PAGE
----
Judge has a Ph.D. from Georgia Tech in Computer Science and is an investor and serial technology entrepreneur. He is the co-founder of Techsquare Labs, a technology startup hub and venture capital fund. He is the co-founder of Pindrop and was also the co-founder of Luma Home, a consumer Wi-Fi company. From 2009-2014 he was Chief Research Officer and VP at Barracuda Networks. In 2007 he founded Purewire and served as Chief Technology Officer until Purewire was acquired by Barracuda Networks in 2009. The prolific researcher is a connoisseur on information security issues, having authored numerous papers that have been published in leading academic journals and presented at multiple industry and academic conferences including Interop, RSA, and Defcon. Judge and Ryan Wilson’s The Gathering Spot has just acquired a controlling stake of a3cfestival.
Reared in rural Mississippi, which was an abyss of financial illiteracy and financially underserved, Allen founded an app that’s aiming to solve financial problems for underserved millennials. During her senior year at the University of Southern Mississippi, Allen launched Sheena Allen Apps. With no technical background, she designed her first app in Microsoft Word before finding a developer to partner with for the application. She bootstrapped the company to 5 apps and millions of downloads. In 2016 she thought of an idea for a money-organizing mobile app after leaving Wal-Mart with a long receipt. CapWay is a financial technology company that focuses on the unbanked, under-banked, and the working poor. CapWay is working to create an untraditional financial ecosystem.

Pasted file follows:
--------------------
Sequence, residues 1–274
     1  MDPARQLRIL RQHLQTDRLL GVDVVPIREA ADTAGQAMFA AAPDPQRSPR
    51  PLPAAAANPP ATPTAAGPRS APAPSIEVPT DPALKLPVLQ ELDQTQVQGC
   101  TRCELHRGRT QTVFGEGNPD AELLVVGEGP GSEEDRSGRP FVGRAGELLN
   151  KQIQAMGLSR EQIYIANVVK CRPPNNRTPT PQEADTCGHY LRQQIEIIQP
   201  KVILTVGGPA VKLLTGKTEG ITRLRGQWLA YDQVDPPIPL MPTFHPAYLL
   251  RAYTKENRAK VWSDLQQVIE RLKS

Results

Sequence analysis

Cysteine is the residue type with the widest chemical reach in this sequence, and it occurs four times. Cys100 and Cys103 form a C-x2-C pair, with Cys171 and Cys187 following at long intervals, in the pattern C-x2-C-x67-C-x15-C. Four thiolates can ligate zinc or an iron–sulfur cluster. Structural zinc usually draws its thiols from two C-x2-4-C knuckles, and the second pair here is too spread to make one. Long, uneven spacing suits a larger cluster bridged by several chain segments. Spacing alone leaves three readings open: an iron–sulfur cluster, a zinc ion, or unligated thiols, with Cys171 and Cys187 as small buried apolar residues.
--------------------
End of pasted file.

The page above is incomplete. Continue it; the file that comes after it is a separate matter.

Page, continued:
Ogundipe is a Comcast NBCUniversal’s The Farm Accelerator alum along with his cofounder Yemi Adewunmi. The mobile app leverages innovative technology to help organizations quickly identify, track, and analyze legislation and regulations. “I wanted to figure out ways to bring technology and business and politics together in a way that could help solve issues and make the world a little bit better. It’s a $50 billion dollar market that is hugely underserved.” In January, Forbes named Civic Eagle one of the 22 startups to watch at CES 2019, they have also just gotten onto the Techstars Anywhere accelerator program. Arlan Hamilton’s Backstage Capital is one of their investors.
Partpic was designed to streamline the purchase of maintenance and repair parts using computer vision technology. The Atlanta startup has raised over $2 million in seed funding to integrate its proprietary technology into mobile apps and websites of parts distributors and retailers. Burks and her team successfully negotiated a deal to sell the company to Amazon in October 2016. Since then Burks has been an active advisor and investor in the startup ecosystem. Earlier this year Burks co-founded Collab LLC, a brand-new venture aimed at increasing the success rates of black-led tech-enabled startups. The initiative is led by Burks and two other successful local entrepreneurs, who want to bring their collective expertise to a booming but disjointed ecosystem.